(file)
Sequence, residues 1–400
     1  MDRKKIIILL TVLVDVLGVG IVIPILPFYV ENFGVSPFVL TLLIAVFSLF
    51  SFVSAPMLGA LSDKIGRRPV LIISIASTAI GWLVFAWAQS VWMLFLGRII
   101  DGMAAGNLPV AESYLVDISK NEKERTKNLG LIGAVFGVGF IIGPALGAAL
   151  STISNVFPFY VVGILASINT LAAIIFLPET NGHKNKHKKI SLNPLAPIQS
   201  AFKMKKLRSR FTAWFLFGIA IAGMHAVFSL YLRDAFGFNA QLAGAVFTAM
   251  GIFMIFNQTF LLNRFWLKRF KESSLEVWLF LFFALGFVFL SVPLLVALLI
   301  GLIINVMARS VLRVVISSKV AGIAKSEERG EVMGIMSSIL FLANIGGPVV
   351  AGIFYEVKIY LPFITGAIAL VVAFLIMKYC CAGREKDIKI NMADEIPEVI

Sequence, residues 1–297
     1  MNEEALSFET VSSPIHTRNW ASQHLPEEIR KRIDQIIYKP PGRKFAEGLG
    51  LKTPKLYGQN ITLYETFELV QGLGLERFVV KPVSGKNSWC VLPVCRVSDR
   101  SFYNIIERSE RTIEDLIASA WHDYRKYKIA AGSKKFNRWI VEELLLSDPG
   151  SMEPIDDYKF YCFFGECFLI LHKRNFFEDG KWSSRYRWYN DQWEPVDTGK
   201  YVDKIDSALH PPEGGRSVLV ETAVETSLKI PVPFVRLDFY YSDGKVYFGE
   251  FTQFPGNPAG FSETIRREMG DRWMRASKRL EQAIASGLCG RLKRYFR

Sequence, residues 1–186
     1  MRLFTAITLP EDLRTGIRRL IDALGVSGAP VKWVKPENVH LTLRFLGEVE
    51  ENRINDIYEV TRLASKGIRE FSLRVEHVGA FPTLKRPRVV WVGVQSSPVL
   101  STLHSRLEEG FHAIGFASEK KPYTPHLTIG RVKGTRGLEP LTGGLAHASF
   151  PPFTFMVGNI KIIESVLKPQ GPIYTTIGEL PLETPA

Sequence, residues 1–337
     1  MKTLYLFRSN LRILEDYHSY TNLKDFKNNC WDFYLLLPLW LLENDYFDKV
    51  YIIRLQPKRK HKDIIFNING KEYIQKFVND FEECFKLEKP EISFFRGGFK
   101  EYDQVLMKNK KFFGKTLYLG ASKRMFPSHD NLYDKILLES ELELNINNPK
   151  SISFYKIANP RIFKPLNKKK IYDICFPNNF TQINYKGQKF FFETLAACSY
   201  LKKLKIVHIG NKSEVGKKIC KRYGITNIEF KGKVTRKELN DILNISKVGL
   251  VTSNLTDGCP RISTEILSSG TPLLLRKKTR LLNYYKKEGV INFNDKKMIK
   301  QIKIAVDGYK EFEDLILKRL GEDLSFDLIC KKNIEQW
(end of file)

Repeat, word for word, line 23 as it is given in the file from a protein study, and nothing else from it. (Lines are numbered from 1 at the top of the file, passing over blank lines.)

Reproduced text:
     1  MKTLYLFRSN LRILEDYHSY TNLKDFKNNC WDFYLLLPLW LLENDYFDKV